• Full-time

    In employer surveys, jobs are generally classified as being part-time if the contracted hours of work are 30-hours-or-less per week.

  • Government-supported trainees

    Those on government-supported training programmes are included in the employee jobs estimate within Workforce Jobs (WFJ), if they have a contract of employment. Otherwise they are included in the WFJ estimate as Government-Supported Trainees.

  • Jobs

    A job is an activity performed for an employer or customer by a worker in exchange for payment, usually in cash, in kind, or both. Agreement is reached through the provision and negotiation of a contract, stipulating what an employer or customer demands and what is to be supplied by the worker.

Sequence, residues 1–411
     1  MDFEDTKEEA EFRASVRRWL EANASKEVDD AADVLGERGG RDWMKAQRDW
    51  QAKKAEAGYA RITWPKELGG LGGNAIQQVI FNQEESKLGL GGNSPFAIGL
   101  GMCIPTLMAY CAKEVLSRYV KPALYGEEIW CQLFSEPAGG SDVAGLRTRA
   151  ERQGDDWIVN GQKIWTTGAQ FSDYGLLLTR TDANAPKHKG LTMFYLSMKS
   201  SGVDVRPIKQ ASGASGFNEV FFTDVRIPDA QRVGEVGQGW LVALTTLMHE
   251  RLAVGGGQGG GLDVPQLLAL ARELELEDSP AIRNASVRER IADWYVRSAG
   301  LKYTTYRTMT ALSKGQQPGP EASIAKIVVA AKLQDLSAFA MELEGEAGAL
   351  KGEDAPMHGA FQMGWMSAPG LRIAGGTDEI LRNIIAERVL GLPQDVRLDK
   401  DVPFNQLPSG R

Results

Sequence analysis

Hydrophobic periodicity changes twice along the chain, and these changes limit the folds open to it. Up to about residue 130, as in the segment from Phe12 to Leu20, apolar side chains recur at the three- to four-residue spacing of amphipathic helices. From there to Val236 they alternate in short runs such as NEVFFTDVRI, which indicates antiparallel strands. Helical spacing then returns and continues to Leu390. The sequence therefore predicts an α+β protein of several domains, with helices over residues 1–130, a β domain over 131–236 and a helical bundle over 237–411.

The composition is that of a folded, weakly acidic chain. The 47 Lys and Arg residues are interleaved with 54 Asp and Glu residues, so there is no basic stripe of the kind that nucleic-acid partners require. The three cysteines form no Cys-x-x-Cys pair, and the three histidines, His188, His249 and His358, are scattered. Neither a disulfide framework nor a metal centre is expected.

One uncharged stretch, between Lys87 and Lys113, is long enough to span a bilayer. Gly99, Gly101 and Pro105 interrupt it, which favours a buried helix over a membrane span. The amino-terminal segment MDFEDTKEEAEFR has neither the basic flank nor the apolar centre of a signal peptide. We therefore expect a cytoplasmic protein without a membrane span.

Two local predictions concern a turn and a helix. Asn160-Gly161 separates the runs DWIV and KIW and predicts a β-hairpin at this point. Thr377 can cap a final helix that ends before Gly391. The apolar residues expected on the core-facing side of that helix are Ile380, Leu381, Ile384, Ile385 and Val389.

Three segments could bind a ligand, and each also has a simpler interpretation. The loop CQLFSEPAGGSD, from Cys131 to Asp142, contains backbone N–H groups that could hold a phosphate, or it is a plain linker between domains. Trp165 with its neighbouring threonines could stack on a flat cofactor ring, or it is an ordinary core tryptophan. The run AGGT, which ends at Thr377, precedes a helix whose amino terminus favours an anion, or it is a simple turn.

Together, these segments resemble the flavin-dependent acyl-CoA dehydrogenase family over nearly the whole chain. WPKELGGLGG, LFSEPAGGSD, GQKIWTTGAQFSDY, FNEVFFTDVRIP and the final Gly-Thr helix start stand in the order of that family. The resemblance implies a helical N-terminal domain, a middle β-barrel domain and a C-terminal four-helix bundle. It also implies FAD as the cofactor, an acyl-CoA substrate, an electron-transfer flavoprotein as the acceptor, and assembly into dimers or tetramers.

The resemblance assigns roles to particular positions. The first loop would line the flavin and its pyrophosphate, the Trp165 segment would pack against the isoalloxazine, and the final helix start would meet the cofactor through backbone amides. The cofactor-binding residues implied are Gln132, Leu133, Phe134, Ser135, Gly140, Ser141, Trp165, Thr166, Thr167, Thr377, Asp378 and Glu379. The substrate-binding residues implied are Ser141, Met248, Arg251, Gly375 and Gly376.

• Labour Force Survey (LFS)

    The main source for information on the labour market in the UK. It is a random household survey of approximately 50,000 households every three months conducted by the Office for National Statistics (ONS). As well as private households, the survey includes people living in student halls of residence and National Health Service (NHS) accommodation.

  • Part-time

    See full-time

  • Sampling variability

    Data based on statistical samples are subject to sampling variability. If many samples were drawn, each would give a different result. The ranges shown for the Labour Force Survey (LFS) data in the monthly Labour Market Statistics First Releases, for example, represent 95 per cent confidence intervals; in 95 per cent of samples the range would contain the true value.

  • Seasonal adjustment

    A process of estimating regularly occurring seasonal effects and removing them from the raw data.

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Contact Details

For statistical enquiries about this topic, please contact:

Labour Market Statistics Team

Email: labour.market@ons.gov.uk

Telephone: +44 (0) 1633 456776

Labour Market Statistics Team Office for National Statistics Government Buildings Cardiff Road Newport NP10 8XG